Chile is fast ditching its reputation as South America’s most conservative and Catholic country, with lawmakers now discussing whether to make it the second nation in the region to legalise euthanasia.
Less than a year after allowing abortion in some cases, a commission of the Chamber of Deputies approved a bill that would permit euthanasia for the terminally ill or in cases of extreme suffering, enabling doctors to prescribe lethal medication.
“In the past, this subject was a big taboo,” Vlado Mirosevic, a lawmaker from the Liberal Party who originally presented the bill to Congress, has said in an interview. “This discussion about euthanasia is putting Chile at the forefront in civil liberties.”
Chile has come a long way since emerging from the dictatorship of Augusto Pinochet in 1990. Back then, divorce was illegal, illegitimate children had less rights than legitimate children and abortion was illegal, even if the mother was likely to die because of the pregnancy. That has now all changed. Divorce was legalised in 2004 and an abortion bill passed in 2017.
The euthanasia bill will now be analysed article by article and probably will be voted on by the lower house next month, where it already has the votes required for approval, according to Mirosevic. It will then move on to the Senate.
“That will be the test of fire,” Mirosevic said.
The Catholic Church, which railed against the euthanasia bill when it was first presented in 2014, may take a lower profile this year. Chile has been rocked for more than a year by a series of sexual abuse scandals in the Church that have slashed its once untouchable social status.
“It’s one of the factors,” said Anne Barrett-Doyle, co-director of BishopAccountability.org, a research centre that tracks clergy sexual abuse cases globally and has built a database of more than 100 cases of abuse in Chile. The disillusion with the church “plays into the willingness of people to think independently and not follow doctrine.”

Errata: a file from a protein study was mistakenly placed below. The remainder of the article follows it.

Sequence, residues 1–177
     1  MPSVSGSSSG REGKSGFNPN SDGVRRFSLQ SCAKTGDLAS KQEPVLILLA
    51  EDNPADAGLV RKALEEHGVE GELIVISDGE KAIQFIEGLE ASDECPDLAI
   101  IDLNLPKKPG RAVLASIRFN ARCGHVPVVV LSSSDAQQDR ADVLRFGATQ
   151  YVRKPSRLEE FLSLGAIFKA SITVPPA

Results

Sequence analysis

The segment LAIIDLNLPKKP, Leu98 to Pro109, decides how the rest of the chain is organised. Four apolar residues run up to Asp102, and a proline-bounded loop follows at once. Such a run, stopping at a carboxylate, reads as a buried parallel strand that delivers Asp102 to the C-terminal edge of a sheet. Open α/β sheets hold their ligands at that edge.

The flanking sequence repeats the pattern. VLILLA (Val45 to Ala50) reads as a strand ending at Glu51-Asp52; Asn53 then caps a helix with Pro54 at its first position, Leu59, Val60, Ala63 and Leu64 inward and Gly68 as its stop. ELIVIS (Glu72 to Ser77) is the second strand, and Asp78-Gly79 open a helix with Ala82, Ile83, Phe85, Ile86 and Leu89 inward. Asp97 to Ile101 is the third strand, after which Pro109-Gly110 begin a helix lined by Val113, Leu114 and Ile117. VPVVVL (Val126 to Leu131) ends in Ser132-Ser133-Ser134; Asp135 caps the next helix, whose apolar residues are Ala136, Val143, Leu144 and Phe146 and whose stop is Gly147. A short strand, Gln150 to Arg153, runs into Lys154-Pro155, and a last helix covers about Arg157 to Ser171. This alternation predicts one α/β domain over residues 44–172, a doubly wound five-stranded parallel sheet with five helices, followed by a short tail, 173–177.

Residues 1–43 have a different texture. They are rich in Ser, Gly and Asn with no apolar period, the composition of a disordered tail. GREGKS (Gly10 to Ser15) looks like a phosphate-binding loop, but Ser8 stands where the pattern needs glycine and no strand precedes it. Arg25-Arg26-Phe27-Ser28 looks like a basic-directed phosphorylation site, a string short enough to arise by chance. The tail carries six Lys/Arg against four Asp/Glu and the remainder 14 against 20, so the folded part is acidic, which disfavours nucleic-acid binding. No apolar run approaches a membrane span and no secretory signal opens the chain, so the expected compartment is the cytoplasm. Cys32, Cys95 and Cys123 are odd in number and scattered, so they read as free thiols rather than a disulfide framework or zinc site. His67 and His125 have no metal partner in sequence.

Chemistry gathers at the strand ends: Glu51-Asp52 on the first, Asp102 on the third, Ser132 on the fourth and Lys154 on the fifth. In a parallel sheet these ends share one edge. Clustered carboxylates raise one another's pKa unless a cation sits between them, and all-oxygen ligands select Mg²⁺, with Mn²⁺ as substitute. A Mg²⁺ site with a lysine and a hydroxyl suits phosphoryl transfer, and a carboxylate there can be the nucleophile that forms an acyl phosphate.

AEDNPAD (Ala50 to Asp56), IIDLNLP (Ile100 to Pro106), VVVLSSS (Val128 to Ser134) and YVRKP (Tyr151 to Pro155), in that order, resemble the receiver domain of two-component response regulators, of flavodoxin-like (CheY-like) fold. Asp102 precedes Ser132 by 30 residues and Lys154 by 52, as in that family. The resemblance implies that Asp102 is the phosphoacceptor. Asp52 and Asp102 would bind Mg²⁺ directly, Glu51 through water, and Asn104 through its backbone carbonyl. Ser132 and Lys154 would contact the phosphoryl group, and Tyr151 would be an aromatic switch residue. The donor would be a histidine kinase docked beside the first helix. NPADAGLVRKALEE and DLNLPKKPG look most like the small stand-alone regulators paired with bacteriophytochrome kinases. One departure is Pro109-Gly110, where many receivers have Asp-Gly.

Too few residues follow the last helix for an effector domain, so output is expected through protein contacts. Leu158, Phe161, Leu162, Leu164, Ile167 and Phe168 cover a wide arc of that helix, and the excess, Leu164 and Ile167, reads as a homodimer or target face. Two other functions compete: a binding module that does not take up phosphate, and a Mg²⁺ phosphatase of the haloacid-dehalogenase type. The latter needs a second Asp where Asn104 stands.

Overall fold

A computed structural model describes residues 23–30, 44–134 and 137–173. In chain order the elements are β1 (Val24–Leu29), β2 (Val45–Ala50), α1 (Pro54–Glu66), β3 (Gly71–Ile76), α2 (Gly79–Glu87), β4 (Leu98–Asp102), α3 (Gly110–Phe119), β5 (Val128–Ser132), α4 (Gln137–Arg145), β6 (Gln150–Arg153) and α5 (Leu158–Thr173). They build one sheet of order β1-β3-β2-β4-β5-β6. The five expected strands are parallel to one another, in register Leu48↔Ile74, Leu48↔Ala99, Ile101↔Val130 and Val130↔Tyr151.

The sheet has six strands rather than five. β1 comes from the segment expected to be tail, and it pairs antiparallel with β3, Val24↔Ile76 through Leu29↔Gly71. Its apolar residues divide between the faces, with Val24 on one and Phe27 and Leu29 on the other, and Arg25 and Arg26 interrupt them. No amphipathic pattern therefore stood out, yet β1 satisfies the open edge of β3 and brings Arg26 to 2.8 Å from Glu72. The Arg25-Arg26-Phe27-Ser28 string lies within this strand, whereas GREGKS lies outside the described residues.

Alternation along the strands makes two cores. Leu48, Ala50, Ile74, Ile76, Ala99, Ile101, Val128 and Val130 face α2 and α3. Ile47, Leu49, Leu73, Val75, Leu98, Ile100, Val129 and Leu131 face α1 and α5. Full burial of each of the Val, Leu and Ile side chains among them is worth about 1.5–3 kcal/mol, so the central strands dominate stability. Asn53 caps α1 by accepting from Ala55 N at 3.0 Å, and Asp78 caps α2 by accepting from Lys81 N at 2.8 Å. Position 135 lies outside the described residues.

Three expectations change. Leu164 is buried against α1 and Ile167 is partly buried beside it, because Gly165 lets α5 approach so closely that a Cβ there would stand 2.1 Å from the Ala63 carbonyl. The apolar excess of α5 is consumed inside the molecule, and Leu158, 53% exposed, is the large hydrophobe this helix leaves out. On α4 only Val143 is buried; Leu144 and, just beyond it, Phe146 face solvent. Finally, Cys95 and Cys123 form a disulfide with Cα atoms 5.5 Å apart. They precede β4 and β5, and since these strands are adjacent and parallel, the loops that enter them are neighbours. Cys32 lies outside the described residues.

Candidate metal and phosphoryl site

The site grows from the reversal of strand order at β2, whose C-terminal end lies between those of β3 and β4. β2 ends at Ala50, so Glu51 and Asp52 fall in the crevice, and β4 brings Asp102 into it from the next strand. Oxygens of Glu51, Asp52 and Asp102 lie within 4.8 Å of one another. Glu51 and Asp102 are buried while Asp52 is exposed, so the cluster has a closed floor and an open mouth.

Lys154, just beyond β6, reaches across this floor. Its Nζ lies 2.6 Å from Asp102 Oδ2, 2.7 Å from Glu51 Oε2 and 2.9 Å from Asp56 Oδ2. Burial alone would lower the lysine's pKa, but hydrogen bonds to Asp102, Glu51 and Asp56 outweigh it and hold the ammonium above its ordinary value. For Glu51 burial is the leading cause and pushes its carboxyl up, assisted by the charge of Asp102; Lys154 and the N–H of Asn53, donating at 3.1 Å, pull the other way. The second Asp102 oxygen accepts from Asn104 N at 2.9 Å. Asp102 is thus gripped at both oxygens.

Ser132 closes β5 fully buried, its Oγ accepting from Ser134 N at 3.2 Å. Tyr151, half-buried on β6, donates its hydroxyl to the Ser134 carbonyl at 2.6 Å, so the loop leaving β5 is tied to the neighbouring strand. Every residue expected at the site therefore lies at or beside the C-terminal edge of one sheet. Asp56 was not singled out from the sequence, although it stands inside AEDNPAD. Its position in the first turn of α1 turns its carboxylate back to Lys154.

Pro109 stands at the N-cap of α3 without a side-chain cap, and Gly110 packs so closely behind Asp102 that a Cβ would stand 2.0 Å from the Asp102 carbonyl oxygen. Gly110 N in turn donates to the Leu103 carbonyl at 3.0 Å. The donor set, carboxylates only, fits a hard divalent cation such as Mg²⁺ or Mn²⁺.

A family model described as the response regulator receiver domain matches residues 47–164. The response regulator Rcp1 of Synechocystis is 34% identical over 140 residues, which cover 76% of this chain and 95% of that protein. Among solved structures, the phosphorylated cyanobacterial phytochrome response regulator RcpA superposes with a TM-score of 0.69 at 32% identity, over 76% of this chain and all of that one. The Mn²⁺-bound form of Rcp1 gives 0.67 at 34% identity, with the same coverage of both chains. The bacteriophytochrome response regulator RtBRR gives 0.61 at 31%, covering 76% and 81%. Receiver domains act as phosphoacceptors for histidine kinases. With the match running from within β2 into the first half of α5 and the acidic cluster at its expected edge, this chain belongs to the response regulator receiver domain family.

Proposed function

When Pope Francis came to Chile last year, many of his open-air meetings were sparsely attended in a graphic demonstration of the Church's dwindling prestige.
With the Church on the back foot, a survey by pollster Cadem in May said that about 70 percent of Chileans approve euthanasia. A more recent poll also by Cadem showed for the first time that less than 50 percent of the country say they're Catholic.
If the bill is approved, Chile would join the small group that includes Switzerland, Colombia, Canada and Belgium that allow euthanasia. Another larger group of countries permit assisted suicide, where doctors can provide the lethal drugs but not assist in their injection.
Anyone planning to use euthanasia in Chile will have to prove they are mentally healthy, without such illnesses as depression or schizophrenia, Mirosevic said.
“Chile had a reputation within the region of a being a very conservative country, and that vision has definitely changed,” Mirosevic said.